Applications of molecular markers for crop genetic studies
The main uses of these molecular markers in crop genetic studies are as follows: • Assessment of genetic variability and characterization of germplasm • Identification and fingerprinting of genotypes • Estimation of genetic distances between population, inbreeds, and breeding materials • Detection of monogenic and quantitative trait loci (QTL) • Marker-assisted selection • Identification of sequences of useful candidate genes
Polymorphism: A detectable difference at a particular gene or marker occurring among individuals. Examples of quantitative traits are plant height and body weight etc. QTL: Location of a specific gene that affects a measurable or quantifiable trait. determined on the basis of how often the loci are inherited together.02 High Yes 1. Also known as simple sequence repeats (SSR). Genes inherited together are close to each other on the chromosome. simple tandem repeats or simple repetitive sequences. Microsatellites: Very short DNA motifs (1-10 base pairs) which occur as tandem repeats at numerous loci throughout the genome. RAPD: Random Amplification of Polymorphic DNA. Genetic Map: A map of the relative positions of genetic loci on a chromosome. a subset of the DNA fragments is selected for PCR amplification and visualization.Comparison of most commonly used marker systems (Adopted from Korzun. Variations which occur in the length of DNA fragments produced when DNA is broken down by restriction enzymes (enzymes which recognize specific sequences of DNA.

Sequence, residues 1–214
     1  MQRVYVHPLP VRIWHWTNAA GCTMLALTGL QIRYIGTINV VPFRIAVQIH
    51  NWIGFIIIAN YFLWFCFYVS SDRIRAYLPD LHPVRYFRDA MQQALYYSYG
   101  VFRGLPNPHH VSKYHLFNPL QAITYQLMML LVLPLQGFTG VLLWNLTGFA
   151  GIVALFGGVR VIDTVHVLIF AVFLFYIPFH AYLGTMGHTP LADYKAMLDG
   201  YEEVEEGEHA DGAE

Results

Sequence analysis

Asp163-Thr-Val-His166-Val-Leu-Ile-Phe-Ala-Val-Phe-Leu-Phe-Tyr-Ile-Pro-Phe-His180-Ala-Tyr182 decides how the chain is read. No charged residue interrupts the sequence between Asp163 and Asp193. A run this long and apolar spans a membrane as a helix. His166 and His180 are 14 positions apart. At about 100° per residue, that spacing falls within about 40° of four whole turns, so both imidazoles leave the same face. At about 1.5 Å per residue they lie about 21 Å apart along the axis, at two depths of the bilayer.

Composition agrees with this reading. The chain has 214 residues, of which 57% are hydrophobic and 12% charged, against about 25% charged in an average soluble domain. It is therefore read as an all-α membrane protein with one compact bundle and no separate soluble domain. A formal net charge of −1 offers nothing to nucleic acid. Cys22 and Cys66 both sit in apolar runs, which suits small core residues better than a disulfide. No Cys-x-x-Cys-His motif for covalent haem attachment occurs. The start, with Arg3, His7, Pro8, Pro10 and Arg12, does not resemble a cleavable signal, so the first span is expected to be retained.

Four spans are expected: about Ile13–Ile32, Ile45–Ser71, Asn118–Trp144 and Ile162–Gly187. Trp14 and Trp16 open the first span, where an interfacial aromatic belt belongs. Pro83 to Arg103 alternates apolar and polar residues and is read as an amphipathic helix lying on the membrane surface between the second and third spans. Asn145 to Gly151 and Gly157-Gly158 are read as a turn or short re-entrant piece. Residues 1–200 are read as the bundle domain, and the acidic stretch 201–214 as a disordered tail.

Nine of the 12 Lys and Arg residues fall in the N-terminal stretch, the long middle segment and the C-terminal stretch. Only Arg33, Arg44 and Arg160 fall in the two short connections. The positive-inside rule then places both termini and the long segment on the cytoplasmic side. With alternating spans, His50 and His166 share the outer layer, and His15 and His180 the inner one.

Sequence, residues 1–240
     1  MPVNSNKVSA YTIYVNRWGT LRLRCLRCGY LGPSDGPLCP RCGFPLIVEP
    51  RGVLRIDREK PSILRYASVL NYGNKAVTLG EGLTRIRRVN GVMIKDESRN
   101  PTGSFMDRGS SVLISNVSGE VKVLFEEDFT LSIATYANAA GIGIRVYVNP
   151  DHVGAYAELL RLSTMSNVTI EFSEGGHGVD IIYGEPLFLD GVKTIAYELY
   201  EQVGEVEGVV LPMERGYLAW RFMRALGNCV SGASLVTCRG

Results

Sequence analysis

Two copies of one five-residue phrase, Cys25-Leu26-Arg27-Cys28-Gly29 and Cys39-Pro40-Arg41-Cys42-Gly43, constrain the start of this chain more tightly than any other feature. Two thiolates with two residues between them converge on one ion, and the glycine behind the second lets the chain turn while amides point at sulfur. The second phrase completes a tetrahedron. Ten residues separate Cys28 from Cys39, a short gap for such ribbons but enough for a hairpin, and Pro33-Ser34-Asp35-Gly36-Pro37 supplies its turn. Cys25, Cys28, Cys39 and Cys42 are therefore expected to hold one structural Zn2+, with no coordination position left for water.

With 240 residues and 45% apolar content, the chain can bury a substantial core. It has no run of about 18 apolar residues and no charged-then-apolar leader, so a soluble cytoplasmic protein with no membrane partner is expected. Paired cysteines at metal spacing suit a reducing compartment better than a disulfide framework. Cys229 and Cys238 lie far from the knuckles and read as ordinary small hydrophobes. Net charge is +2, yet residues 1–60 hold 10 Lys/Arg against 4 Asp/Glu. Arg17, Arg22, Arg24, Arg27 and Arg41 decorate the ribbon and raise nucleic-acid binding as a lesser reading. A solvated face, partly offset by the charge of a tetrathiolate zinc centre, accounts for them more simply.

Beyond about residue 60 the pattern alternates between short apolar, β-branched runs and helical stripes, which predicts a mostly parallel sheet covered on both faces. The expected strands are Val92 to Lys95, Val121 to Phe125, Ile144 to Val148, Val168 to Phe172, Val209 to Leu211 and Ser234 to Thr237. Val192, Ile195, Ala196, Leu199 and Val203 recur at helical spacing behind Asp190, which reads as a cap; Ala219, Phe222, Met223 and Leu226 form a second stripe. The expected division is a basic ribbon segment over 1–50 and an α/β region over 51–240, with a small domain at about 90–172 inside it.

. 2003). These traits are typically affected by more than one gene. Following restriction enzyme digestion of DNA. usually 4-6 base pairs long.05 Moderate Yes 1-3 Easy High Low High
Feature DNA required (μg) DNA quality PCR-based Number of polymorph loci analyzed Ease of use Amenable to automation Cost per analysis Development cost RFLPs
10 High No 1-3 Not easy Low High Low
0. and said to be linked. and also by the environment. Linkage Map: A map of relative positions of genes on a chromosome. Nucleic acid: molecule found in all living cells. The two chief types are DNA (deoxyribonucleic acid). RFLP: Restriction Fragment Length Polymorphism. a highly sensitive method for detecting DNA polymorphism. variation that occurs in DNA sequences of a genome. These variations can be used to track inheritance in families or species. A widely-used technique for amplifying anonymous stretches of DNA using PCR with arbitrary primers. SNP: Single Nucleotide Polymorphism. but minute. A common. and RNA (ribonucleic acid). found mainly in cell nuclei. found mostly in cytoplasm. and cleave the DNA at these points.5-1 Moderate yes 20-100 Easy Moderate Moderate Moderate
0. Monogenic trait: a trait determined by the action of a single genetic locus.5-50 Easy Moderate Low Low
0. in which the hereditary information is stored and from which it can be transferred. known as restriction sites). PCR: A method for amplifying a DNA sequence in large amounts using a heat stable polymerase and suitable primers to direct the amplification of the desired region of DNA.05 High Yes 1 Easy High Low High
AFLP: Amplified Fragment Length Polymorphism.